Third, notwithstanding the issue of willfulness, the Licensee is responsible for violations caused by its employees, whether arising from inadvertent error or willful acts. The Commission has formally resolved the issue of a licensee's responsibility for violations caused by licensee employees. In Atlantic Research Corporation, CLI-80-7, 11 NRC 413 (March 14, 1980), the Commission held that "a division of responsibility between a licensee and its employees has no place in the NRC regulatory regime which is designed to implement our obligation to provide adequate protection to the health and safety of the public in the commercial nuclear field" and that the licensee is "accountable for all violations committed by its employees in the conduct of licensed activities." Id. at 418. The licensee uses, and is responsible for the possession of, licensed material. The licensee hires, trains, and supervises its employees. All licensed activities are carried out by employees of the licensee and, therefore, all violations are caused by employees of the licensee. A licensee enjoys the benefits of good employee performance and suffers the consequences of poor employee performance. To not hold the licensee responsible for the actions of its employees, whether such actions result from incompetence, negligence, or willfulness, is tantamount to not holding the licensee responsible for its use and possession of licensed material. If the NRC were to adopt such a regime, there would be no incentive for licensees to assure compliance with NRC requirements.

Finally, the NRC finds no contradiction between giving Terracon credit for its corrective actions and citing the need to prevent recurrence of the violation as a reason to propose a civil penalty. In the civil penalty assessment process, the NRC routinely considers whether the licensee should be given credit for identification of the violation(2) and for corrective actions, in determining whether a civil penalty should be assessed and, if so, the size of the penalty. See Enforcement Policy, Section VI.B.2. Because the violation in this case was self-disclosing, (e.g., the violation was apparent as a result of the theft of the gauge), credit for identification was not warranted. Id. at Section VI.B.2.b. The Licensee was, however, given credit for its corrective actions. Consideration of the identification and corrective action factors yielded a civil penalty of 100% of the base penalty for this Severity Level III violation. The NRC staff found no reason to exercise its discretion to either mitigate or escalate the civil penalty yielded by standard application of the identification and corrective action factors. Nor has the Licensee presented any reason to mitigate the penalty. Once it had been determined that a civil penalty was warranted, there was nothing contradictory about noting that a civil penalty would serve the purpose of preventing similar incidents from occurring. The Enforcement Policy specifies that one of the purposes of civil penalties is to deter future violations. Id. at Section V.B. In short, the NRC followed the assessment process of the Enforcement Policy in determining the civil penalty proposed in the Notice.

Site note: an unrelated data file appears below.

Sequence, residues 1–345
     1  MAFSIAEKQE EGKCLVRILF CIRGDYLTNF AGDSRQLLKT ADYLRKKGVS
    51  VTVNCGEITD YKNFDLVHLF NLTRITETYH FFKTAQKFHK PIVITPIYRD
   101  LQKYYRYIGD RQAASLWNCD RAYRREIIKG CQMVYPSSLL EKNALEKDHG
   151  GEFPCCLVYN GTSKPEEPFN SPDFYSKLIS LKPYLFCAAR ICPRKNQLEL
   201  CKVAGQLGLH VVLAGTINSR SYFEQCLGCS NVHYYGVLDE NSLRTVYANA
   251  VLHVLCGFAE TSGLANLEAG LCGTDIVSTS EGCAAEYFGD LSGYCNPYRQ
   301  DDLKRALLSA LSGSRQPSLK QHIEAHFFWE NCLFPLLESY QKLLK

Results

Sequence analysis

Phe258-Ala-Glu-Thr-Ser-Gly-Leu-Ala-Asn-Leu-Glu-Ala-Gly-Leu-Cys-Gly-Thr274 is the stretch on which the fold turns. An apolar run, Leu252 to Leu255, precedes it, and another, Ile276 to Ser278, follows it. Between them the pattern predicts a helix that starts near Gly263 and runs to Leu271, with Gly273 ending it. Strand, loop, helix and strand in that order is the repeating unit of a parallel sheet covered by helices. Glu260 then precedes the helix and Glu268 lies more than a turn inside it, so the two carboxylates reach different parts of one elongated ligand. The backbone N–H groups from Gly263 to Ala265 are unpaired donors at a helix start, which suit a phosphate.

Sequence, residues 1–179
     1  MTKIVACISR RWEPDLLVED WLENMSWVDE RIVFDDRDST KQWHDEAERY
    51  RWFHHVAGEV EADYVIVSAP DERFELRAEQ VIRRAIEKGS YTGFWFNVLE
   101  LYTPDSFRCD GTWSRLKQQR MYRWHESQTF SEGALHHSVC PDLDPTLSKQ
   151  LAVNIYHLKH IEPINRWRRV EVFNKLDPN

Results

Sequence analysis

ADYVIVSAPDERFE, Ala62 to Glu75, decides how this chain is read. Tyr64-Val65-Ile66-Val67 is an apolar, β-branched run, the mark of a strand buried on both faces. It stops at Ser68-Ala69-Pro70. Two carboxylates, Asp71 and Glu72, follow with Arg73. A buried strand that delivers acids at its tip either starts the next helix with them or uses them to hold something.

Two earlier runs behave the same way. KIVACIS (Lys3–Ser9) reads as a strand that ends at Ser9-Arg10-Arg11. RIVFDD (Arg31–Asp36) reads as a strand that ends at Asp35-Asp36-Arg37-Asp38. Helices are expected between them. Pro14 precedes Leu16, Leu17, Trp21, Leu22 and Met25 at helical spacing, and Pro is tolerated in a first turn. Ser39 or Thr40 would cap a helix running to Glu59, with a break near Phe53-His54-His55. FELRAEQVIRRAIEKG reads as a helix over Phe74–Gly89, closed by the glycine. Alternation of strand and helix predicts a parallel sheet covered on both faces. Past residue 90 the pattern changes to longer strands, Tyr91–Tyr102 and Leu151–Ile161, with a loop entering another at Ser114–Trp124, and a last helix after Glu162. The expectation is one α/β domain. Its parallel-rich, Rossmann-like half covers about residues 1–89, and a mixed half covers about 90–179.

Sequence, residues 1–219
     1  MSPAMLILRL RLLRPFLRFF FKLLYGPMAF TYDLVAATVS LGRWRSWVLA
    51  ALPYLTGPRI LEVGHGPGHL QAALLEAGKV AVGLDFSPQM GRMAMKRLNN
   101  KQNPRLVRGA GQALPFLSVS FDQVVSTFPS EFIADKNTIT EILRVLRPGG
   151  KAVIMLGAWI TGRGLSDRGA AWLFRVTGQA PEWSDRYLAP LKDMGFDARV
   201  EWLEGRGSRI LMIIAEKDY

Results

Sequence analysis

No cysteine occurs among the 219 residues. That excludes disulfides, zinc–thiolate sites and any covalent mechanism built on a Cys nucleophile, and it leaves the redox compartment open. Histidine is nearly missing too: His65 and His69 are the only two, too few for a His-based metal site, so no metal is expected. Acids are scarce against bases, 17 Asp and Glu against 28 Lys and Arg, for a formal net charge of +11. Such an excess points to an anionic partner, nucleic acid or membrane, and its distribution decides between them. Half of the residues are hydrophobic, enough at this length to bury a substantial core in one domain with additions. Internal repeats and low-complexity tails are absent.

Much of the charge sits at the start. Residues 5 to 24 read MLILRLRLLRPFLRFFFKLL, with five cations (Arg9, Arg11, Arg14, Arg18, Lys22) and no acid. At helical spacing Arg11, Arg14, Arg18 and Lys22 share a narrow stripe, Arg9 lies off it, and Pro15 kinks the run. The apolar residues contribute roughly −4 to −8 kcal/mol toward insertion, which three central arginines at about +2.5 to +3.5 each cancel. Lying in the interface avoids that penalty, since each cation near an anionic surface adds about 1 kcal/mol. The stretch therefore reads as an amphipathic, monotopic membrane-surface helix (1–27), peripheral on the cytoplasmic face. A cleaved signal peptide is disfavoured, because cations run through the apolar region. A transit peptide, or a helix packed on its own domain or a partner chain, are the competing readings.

NRC Conclusion

The NRC concludes that Terracon is responsible for the violation caused by its technician, and that the proposed civil penalty was properly assessed in accordance with the NRC's Enforcement Policy. The Licensee has not presented a basis for withdrawal of the violation nor for mitigation of the civil penalty. Consequently, the proposed civil penalty in the amount of $2,750 should be imposed by Order.


1. Terracon reported the theft to the NRC on the date of its occurrence.

2. The identification factor is considered if a licensee has been the subject of enforcement action for Severity Level III violations within in the past two years or previous two inspections. See Enforcement Policy, Section VI.B.2. Since Terracon had previously been the subject of enforcement action in 1997 for a Severity Level III violation (EA 97-425), the identification factor was considered in this case.